With 575,000 new titles in 2015—and employing more than 150,000 people—the highly varied publishing industries of Europe come together in a new report.
In Lithuania, writes Inga Janiulytė for DW, ‘reading remains a popular activity—whether in spite of, or because of, social media.’ And many read English.
In a smooth transition to its new Nielsen-partnered format, London Book Fair’s flagship Quantum Conference leans on data, optimism, and conversation.
With new attention to diversity issues, Scholastic’s sixth biennial survey adds an Australian edition, and looks extensively on reading aloud at home.
Statistics from BookNet Canada reveal the best-selling books of 2016, along with a stable Canadian book market and growing online book sales.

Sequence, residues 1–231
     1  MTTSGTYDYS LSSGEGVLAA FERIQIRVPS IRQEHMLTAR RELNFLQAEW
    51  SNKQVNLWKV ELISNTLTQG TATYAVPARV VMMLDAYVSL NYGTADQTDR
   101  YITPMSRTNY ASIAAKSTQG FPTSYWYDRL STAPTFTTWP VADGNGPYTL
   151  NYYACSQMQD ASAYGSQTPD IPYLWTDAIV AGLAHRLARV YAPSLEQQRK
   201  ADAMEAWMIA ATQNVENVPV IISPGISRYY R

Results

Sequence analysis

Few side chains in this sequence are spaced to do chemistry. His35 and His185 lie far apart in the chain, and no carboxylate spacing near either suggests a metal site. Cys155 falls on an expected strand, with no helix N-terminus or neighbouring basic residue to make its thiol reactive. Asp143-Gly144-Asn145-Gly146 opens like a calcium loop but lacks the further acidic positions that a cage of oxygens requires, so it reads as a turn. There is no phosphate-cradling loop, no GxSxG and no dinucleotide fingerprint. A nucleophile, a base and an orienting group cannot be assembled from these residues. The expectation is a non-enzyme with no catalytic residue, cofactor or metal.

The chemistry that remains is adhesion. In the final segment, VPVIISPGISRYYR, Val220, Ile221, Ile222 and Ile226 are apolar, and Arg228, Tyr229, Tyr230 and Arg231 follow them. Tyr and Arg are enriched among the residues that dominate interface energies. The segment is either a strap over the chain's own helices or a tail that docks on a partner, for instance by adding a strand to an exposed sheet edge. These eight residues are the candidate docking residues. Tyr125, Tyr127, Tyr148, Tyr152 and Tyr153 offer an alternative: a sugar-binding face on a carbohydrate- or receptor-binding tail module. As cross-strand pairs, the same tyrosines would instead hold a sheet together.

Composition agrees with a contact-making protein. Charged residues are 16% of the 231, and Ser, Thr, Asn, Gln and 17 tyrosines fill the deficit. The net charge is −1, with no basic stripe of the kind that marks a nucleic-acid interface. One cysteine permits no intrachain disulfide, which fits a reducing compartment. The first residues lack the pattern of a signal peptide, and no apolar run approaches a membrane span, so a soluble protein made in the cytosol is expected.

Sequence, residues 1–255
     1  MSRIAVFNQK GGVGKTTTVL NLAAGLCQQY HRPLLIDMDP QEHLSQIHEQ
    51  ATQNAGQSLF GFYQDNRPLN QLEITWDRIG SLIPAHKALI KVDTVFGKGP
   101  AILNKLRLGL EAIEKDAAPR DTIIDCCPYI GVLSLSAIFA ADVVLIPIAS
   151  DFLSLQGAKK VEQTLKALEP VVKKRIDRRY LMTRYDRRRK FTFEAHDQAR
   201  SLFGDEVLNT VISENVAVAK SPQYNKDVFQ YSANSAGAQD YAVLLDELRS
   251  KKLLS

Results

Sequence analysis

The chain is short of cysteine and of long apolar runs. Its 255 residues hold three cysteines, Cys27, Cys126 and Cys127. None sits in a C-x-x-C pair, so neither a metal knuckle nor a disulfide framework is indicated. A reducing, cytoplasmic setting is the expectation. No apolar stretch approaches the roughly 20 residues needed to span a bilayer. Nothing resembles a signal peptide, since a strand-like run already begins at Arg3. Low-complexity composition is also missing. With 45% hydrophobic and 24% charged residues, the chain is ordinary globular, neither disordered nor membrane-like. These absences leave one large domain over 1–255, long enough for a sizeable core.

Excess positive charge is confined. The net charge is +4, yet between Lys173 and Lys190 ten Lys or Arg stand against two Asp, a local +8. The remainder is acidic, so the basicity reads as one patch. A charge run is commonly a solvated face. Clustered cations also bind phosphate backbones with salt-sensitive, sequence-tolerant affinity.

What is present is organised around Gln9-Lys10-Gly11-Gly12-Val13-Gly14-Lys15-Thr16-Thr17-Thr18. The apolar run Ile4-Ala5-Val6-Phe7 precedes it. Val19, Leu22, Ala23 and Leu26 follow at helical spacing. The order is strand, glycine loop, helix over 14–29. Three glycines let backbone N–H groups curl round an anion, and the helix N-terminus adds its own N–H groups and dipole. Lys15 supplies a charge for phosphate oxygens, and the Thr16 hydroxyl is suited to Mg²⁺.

In Poland, publishing stakeholders stay the need for protective regulation—liked fixed book prices—and IP protection are needed to curb declining book sales.
The 2017 Digital Book World conference opened with calls for more data-driven decision-making, despite the inherently subjective nature of book publishing.
Charting the importance of proper and timely metadata, Nielsen Book’s twin studies from the US and UK markets may be motivational updates for publishers.
From crime fiction to medical advice with a sense of humor, both well-known authors and new voices were among the bestselling books in Germany last year.
With book production down 40 percent in Russia, the country’s publishers are looking to favorable book pricing as a source of revenue growth in 2017.